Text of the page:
From a distance, Angela Santana’s paintings look like blurred digital photographs. But up close, they reveal themselves as expansive, virtuosic oil paintings of women posed seductively. The blur and the pose are equally the point: Santana’s work questions the way women’s bodies are still consumed and objectified in mainstream digital culture. Born in Zurich, Switzerland, the artist studied graphic design at the F+F School of Art & Design, before working as a designer for brands and entertainers in cities across Europe. After she relocated to New York City, she returned to oil painting, the most classical of mediums. She began poring over historical representations of women, wondering how she could subvert the age-old practice of depicting women as objects. The strategy she devised is both novel and ancient. She composes each painting digitally, transforming found digital photographs into something of a tapestry, made up of layers upon layers of manipulations. She then paints large on canvas, turning fleeting digital objects into far more complex and permanent subjects.
How did this series start? Where did the idea come from?
From an early age I was exploring the female body, its shape and symbolism in art. Being an artist is being an observer. Analyzing the role of women depicted throughout history, predominantly from a male perspective, was another eye opener to me. Translating this into our digital age with its mass of objectified images, I felt that there was a point to be made, and that’s where the concept stems from. Looking at our behavior online, how we consume imagery at an accelerated speed, and how this mass of objectified content has helped shape and distort the perception of women in our collective consciousness.
The technique came about because I’m really interested in the idea of synergy and was experimenting a lot with different techniques and ways to combine digital and manual painting, before I felt like I had found a great way to balance both. My vision was to absorb the characteristics of the manual and digital brushstroke, whilst still retaining all the anomalies.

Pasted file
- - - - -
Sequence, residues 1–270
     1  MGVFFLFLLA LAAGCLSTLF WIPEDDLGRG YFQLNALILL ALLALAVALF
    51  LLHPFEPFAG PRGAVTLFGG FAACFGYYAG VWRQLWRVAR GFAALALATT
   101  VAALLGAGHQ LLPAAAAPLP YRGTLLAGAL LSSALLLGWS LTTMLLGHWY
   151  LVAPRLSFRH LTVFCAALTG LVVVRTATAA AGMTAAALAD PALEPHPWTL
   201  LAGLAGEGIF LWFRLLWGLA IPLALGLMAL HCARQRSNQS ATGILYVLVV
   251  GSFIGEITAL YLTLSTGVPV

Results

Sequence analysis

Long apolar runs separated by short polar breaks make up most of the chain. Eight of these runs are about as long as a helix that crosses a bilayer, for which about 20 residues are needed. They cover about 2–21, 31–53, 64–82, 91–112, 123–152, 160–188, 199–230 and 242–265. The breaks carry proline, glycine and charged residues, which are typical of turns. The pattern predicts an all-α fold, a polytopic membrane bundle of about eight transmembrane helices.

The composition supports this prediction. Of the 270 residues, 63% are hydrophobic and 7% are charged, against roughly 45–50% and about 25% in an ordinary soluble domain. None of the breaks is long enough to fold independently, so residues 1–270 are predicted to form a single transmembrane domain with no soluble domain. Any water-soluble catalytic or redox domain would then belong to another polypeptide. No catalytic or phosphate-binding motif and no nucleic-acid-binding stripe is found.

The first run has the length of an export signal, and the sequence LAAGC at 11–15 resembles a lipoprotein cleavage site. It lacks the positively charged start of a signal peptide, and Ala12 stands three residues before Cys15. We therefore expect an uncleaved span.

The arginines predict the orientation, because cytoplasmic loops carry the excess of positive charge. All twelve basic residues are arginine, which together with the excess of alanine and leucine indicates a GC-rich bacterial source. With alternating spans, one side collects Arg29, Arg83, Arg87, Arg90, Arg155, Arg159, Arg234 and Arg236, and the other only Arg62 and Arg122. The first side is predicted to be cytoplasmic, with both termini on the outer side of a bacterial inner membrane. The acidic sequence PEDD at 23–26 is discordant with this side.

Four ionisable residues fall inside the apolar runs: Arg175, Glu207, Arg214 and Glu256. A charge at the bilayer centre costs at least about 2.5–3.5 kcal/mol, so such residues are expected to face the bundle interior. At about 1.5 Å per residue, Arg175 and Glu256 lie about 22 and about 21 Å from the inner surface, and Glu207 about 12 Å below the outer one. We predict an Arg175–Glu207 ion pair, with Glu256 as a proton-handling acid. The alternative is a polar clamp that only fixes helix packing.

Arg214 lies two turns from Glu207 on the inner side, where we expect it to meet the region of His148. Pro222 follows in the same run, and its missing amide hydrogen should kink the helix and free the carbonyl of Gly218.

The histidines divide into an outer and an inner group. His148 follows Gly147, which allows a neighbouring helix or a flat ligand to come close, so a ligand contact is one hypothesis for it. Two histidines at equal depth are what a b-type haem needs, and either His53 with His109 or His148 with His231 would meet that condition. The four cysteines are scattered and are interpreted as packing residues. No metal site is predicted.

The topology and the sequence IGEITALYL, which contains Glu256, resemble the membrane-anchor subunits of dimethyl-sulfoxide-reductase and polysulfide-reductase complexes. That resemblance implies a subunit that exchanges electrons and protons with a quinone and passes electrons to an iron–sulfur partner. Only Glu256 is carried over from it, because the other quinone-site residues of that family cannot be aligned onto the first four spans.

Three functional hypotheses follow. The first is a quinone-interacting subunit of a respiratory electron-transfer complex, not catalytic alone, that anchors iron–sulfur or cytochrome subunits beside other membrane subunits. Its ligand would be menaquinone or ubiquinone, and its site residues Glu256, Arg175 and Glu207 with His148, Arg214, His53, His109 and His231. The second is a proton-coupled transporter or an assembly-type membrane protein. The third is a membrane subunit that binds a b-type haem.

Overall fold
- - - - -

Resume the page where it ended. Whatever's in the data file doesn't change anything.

Speaking of technique, is your use of oil a reaction or statement about the speed of the Internet and fast consumption?
It is a direct reaction to the digital disposability and the exuberant mass of images online. I love the strength and permanence of the medium of oil painting because it is the perfect antagonist to the fleeting digital thumbnail.
Is the large scale also important to the series?
Playing with scale allows me to enhance the notion of a new narrative, as the paintings are really large and bold, and created to be seen.
What is that new narrative? And how does your work disrupt the way women are viewed?
I’m commenting on the male-dominated industry and their depiction of women throughout history. Shifting [the woman from the] object to the subject highlights that the images of women are often passive and pleasing; created from the male gaze. I’d like to re-engage the viewer to a new narrative, a female gaze, where women are powerful rather than pleasing. I really want my work to have an uplifting and empowering energy. The titles further enhance this concept: For example, “Alpha,” “Myriad Mother,” “Beauty is a Myth,” or “It’s Grand, It’s A Powerplay,” to name just a few.
Why is it important for you to include all body shapes and skin tones in your work?
This series allows me to question the narrow beauty ideal we are fed daily. Isn’t it absurd that we’re still looking at so much of the same in the gigantic realms of the fashion, beauty, erotic and advertising industries? I am celebrating the female form in all its diversity.
What’s next for you?
There’s a new collaboration on the horizon. Sculptures and experimental print techniques are both in my mind a little further down the line. Beyond that, I’m always working on new paintings. It’s important to me that I give myself a task at all times, to surprise and push myself and be playful. With this on-going series, I always feel like there’s more to discover and I never stop learning. The constant oscillation between figure and abstraction is giving me so much freedom that I want to keep exploring it.